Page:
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Flix at :48: 'The Whale' features persistent gloominess and stellar performances

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Brendan Fraser "The Whale" movie poster

In the past few years, many film critics and journalists have placed a spotlight on the importance of diverse representation on the big and small screens. Most people, and most film studios, interpret this call to action to mean racial diversity and nothing else. But the new film, "The Whale", reminds everyone of another kind of diversity that's also often lacking in Hollywood. A diversity of size.

"The Whale" is adapted from a play of the same name written by Samuel Hunter and first produced in 2012. Samuel Hunter also wrote the screenplay for this film which feels very personal and complex. In a dingy apartment in rural Idaho lives a morbidly obese man named Charlie (played by a wounded Brendan Fraser) who teaches college writing courses virtually through his laptop with his online camera turned off. As Charlie's physical health continues to decline, he reaches out to his estranged teenage daughter in an attempt to reconnect after he left her years before.

Shot entirely in this small apartment, with a cast of only 7 people, "The Whale" is a tragic intimate story of one man's grief and shame and how he fights against those emotions by making a grasp at redemption far out of his reach. As a master of darkness, director Darren Aronofsky ("Black Swan", 2010) sure knows how to imbue a film with hopelessness, pain, and negativity that feels bottomless. If you don't agree with me, please watch "Requiem for a Dream" (2000) or "The Wrestler" (2008).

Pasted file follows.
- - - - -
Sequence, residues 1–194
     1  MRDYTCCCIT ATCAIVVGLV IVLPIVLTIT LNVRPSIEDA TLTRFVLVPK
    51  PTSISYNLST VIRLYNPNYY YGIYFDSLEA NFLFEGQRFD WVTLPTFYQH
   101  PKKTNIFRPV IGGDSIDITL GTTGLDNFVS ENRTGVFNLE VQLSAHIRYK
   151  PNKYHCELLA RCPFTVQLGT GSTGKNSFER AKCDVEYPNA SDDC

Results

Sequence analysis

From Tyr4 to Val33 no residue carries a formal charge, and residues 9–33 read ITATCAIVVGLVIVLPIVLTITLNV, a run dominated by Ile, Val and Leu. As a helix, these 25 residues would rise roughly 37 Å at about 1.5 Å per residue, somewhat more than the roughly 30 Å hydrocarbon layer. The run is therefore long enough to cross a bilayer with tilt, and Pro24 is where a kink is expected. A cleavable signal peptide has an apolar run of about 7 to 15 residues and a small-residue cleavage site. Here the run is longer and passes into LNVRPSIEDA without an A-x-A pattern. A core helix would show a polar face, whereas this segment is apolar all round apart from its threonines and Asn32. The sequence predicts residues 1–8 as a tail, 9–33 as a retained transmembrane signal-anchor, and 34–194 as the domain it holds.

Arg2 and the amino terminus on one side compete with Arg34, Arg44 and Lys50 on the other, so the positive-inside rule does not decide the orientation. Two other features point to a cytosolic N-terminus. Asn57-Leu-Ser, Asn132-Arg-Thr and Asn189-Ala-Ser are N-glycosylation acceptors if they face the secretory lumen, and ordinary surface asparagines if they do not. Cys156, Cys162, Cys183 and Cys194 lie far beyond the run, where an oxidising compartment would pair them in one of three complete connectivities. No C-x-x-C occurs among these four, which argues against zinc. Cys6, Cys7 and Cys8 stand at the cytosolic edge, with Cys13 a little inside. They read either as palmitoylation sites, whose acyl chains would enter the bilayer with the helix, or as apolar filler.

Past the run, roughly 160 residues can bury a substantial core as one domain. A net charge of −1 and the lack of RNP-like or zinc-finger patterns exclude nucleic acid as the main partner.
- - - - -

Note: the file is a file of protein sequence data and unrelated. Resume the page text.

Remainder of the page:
With so much sadness and bitterness, I thought, "Did the Devil write this film?!" Then I learned afterward it's written by a gay man who grew up in a religiously repressive family. Then I thought, "Now it makes sense."

The gloomy colors and lighting match the gloominess of the characters. And the gloominess is so persistent, it starts to creep onto the audience. It is this gloominess that makes "The Whale" good instead of great, particularly with the scenes where the title character is binge eating. Magnifying the eating with loud chewing sounds, sweaty closeups and ominous music is too heavy-handed and leans toward fat-phobia. Those scenes say to viewers, "Look how gross it is when fat people eat! Isn't it sad too?!" I'm not even sure those eating scenes are necessary, because that's not what "The Whale" is about. (Or at least that's not what "The Whale" wants to be about.)

"The Whale" asks the question, "What if you don't get the forgiveness you ask for?" Everyone gives stellar performances in this film with Brendan Fraser ("Crash", 2004) and Hong Chau ("The Menu", 2022) being especially committed to the rawness of their roles.

Casey T. Allen is a native of Utah who graduated from Utah State University with a Bachelor's degree in English in 2007. He has worked in many capacities throughout USU campus and enjoys his time at UPR to continually exercise his writing.